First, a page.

Estimated reading time: 4 minutes
Last Saturday we started this series about time travel theories and the paradoxes that arise from each, with an introduction and a “quick” look at what paradoxes are, why and how they exist. Then, on Monday, we discussed the Dynamic Timeline theory and its biggest paradox, the Grandfather Paradox. Today we’re going to look at the second time travel theory, a possible solution for the paradoxes of the Dynamic Timeline: the Fixed Timeline.
HOW IT WORKS
The idea behind the Fixed Timeline theory is that time, the past and the future, is, as the name implies, fixed. It’s a deterministic view of time where we cannot ever change the past because the past has already happened, and that’s the only way it will ever happen… because that’s the way it happened.
This time travel theory has an abundance of closed loops, due to its deterministic nature. For example, contrary to the Dynamic Timeline theory, you would be unable to go back in time and kill Hitler because if you had, then we wouldn’t have had a Hitler to begin with.
In the Dynamic Timeline theory, you could have been able to go back in time and tell something to yourself that would have changed your whole future. But if you believe in a fixed timeline, then you wouldn’t be able to do this because, if you were, then past you would have already been visited by future you and told whatever he needed to be told.
This closed loop system also solves the Grandfather Paradox because you can’t go back and kill your grandfather. The reason? No time traveler from the future came back and killed your grandfather in the first place. So you might go back and attempt to kill your grandfather, but all you’d be doing is playing your part in an assassination attempt that your grandfather never told anyone about.
But this same closed loop system that solves the Grandfather Paradox, also introduces a new one.
THE PARADOX THAT BREAKS IT
The Causal Loop. In short, the closed loop nature of the Fixed Timeline theory can create situations where Event A causes Event B which causes Event A, leading to a chicken and egg situation with no clear beginning, and an unsolvable paradox.
Let’s figure out and explore a scenario where the causal loop could wreak havoc on our relatively fragile concept of time.
Imagine you’re a dude with a time machine, in a future where the time machine has become a common consumer product. One day you decide to travel back in time to visit the inventor of the time machine, Albert. So you grab a copy of the first ever time machine blueprints to be designed and published by Albert (because you want to get them signed), and head into the past.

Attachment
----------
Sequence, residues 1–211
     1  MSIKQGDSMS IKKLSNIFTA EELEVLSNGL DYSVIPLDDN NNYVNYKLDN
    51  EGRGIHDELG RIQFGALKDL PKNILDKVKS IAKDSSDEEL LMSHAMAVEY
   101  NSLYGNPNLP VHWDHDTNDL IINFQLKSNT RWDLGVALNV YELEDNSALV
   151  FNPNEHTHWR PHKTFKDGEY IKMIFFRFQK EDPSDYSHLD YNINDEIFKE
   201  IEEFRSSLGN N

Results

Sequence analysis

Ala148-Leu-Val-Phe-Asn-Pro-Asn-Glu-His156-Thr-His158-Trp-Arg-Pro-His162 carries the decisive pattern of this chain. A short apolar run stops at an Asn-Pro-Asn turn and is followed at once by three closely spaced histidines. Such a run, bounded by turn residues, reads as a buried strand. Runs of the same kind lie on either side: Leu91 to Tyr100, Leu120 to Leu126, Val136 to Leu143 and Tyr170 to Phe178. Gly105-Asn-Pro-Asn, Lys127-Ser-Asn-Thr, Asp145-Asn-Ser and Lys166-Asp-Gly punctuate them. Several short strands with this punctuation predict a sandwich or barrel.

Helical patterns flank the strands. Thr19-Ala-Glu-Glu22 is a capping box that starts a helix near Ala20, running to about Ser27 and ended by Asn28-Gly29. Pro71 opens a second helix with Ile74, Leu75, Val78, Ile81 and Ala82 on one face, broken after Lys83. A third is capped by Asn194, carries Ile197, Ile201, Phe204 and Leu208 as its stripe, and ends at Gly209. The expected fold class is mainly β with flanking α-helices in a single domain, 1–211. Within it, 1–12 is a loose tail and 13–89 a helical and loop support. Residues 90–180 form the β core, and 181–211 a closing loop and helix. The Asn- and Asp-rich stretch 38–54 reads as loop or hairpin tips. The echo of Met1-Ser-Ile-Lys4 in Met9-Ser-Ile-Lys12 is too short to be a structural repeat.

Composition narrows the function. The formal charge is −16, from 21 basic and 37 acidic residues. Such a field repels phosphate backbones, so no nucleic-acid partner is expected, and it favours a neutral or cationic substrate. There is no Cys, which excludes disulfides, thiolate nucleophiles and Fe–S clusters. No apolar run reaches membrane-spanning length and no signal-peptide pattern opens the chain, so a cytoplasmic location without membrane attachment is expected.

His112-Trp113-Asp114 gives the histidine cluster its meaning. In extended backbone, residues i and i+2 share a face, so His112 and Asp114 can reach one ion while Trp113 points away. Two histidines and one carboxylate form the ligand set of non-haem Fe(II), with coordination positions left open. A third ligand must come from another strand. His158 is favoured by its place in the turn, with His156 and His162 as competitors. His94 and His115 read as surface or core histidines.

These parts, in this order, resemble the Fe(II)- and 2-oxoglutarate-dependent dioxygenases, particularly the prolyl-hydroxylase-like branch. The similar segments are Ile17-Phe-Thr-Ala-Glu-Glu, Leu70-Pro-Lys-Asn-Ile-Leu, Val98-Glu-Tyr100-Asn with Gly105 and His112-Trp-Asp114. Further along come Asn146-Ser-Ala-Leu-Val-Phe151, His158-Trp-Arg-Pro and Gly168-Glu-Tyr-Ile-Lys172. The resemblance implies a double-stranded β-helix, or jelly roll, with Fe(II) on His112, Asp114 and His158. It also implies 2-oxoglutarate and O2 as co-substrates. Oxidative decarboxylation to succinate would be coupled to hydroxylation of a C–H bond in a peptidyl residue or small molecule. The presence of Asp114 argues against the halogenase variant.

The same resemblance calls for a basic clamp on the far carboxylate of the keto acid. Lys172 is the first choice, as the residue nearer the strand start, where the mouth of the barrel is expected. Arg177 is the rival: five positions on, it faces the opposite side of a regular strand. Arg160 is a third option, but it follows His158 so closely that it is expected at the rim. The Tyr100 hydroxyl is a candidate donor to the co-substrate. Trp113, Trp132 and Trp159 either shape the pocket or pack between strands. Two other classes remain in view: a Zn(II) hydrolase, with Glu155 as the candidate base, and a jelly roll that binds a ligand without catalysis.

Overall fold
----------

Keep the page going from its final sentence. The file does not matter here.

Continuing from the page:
You arrive at a time when Albert hasn’t yet even started working on time machines. After the initial confusion wears off, you discover that you’re the first time traveler to ever visit Albert (from his perspective).
You sit down and explain how his invention will change the world. Much to your surprise, your conversation inspires Albert to start working on the time machine.
So far this is a standard, Fixed Timeline story. You were the one who set in motion Albert’s interest in inventing a time machine. He never told anyone, but you know that there’s no way you can change anything in a Fixed Timeline world so this must be what originally happened.
Now comes the paradox.
As you’re about to leave back to your present, you remember you brought the Time Machine blueprints with you for Albert to sign… When Albert sees the blueprints, he asks for a copy and you happily oblige him.
After you leave, Albert, using the blueprints you gave him, designs and develops the time machine then proceeds to publish a copy of the blueprints you gave him.
All is well, right? Well… not really.
See, the blueprints you brought from the future were designed by Albert. The same blueprints you gave past Albert, which he later published in his own name. The only way he could have published them is if you gave them to him. And the only way you could have had them is if he published them.
Does your head hurt, yet?
And here we see the causal loop in full effect:
Who designed/published the blueprints, the first time around?
It’s a simple question that’s entirely impossible to answer with a Fixed Timeline mindset. It couldn’t have been Albert, because then you would have changed the past, and we can’t have that, can we?
Luckily for us, there’s a third and final theory, the Multiverse Theory, which solves both the Grandfather Paradox and the Causal Loop… but at what cost?
The 3 Schools of Time Travel Theories – Table of Contents